The rapid development of technologies in both radiological imaging and radiation therapy over the past decades has improved the accuracy of gross tumor delineation[23, 24], to the point where margin expansion from the GTV to the CTV could be omitted. The rationale for reducing the volume of IMRT is to limit the region exposed to radical radiation doses to only the area containing the gross tumor, while at the same time minimizing unnecessary radiation doses to normal tissue. Indeed, if subclinical cancer cells deposit outside the imaging-based GTV, the relatively high radiation doses (60-70Gy) surrounding the GTV should be sufficient for treating the subclinical disease. Caudell et al. reported that there were no differences in local control between head- and- neck cancer patients treated using GTV to PTV expansions of 4–6 mm and patients treated with expansions of 10–15 mm or even >15 mm. With respect to their in-field failures, a median GTV volumetric expansion of 6mm (range, 0-15mm) was required to contain the contoured recurrence structures. For a case of marginal failure, a 3.3-cm expansion was required to encompass the entire recurrence area, suggesting that these lesions would have been unresponsive to radiotherapy regardless of margin expansion. Similarly, the results shown here suggest that the high-dose treatment volume may only require a 5 mm margin expansion.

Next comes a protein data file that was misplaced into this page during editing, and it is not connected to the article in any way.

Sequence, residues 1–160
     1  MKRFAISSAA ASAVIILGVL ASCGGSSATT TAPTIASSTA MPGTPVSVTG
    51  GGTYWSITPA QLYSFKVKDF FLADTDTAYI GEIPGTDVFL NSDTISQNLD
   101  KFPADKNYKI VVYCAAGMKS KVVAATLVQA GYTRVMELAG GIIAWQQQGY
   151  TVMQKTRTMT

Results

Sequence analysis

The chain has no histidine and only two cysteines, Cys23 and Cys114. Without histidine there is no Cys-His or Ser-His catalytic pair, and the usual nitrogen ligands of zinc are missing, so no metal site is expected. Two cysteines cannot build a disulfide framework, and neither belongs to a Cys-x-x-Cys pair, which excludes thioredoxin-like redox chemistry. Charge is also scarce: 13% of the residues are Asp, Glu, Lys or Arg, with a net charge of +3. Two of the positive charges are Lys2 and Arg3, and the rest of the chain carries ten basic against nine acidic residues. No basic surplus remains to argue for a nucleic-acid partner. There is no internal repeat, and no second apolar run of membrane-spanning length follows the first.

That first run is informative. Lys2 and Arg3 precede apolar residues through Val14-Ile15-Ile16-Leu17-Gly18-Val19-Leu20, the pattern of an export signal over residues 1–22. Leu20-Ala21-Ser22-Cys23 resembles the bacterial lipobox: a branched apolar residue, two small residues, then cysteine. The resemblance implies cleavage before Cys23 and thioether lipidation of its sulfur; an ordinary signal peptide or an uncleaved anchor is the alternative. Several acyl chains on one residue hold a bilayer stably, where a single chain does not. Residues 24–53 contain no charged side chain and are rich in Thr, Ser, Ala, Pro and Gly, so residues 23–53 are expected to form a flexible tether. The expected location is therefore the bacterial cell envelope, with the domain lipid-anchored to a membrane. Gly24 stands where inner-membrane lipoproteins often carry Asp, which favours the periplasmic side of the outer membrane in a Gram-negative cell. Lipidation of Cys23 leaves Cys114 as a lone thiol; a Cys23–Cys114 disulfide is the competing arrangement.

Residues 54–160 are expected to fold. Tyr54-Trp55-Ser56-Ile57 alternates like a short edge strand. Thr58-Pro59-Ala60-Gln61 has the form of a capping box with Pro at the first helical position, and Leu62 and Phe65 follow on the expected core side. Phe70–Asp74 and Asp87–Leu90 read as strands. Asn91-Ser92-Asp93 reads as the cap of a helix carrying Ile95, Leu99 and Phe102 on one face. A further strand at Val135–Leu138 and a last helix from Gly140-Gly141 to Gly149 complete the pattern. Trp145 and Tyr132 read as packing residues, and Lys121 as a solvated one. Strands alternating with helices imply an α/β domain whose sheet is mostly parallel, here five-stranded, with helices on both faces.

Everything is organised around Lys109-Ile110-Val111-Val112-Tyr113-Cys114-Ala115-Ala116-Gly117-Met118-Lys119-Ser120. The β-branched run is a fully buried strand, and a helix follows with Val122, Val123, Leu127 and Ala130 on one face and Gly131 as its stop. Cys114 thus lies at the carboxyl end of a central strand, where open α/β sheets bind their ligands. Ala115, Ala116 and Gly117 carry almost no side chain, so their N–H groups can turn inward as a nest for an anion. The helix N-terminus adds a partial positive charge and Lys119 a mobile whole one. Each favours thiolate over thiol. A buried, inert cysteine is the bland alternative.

In this study, we carried out a retrospective analysis of RV-IMRT by reducing the GTV to the CTV70 margin (from 7 mm to 0 mm), the CTV70 to the PTV70 margin (from 7mm to 5 mm), and total extension of the GTV to the PTV (14 mm to 5 mm). For the RV-IMRT group, the high LRFS (83.5%), RRFS (92.6%), and OS (91.0%) rates were in agreement with previous NPC studies[1–4, 6, 7]. The RV-IMRT technique did not alter the NPC treatment failure pattern either. Indeed, failures due to locally advanced disease and distant metastasis remain the primary problems for treating NPC. The majority of locoregional failures, which were observed at a rate of 77.7% in the current study, were within the high-dose region (the median dose of the in-field failures was 70Gy). Failures within and around the high-dose region should be considered as true failures with no apparent technical cause. Furthermore, the RV-IMRT group did not show any marginal or out-field failures. Surprisingly, the overall survival for the RV-IMRT group is significant better than the LV-IMRT group. The reason could be multifactorial. Since the interval for enrollment was longer than 5 years, various factors such as the image-guidance radiotherapy, the quality of image, and regimens of salvage treatment have evolved.
More advanced T stage is associated with pooler local control and higher rate of distant metastasis, and T4 disease remains a challenge for NPC therapy[27, 28]. 56.3% of the local failure cases in our study cohort were due to T4 disease. The T4 failure rate was 25% in the RV-IMRT group (4 T4 patients, 1 recurrence) versus 57% in the LV-IMRT group (14 T4 patients, 8 recurrences). However, critical neurological organs, such as the brain stem, optic apparatus, temporal lobe, and spinal cord, remaining limiting factors for the delivery of high-dose radiation to T4 disease patients.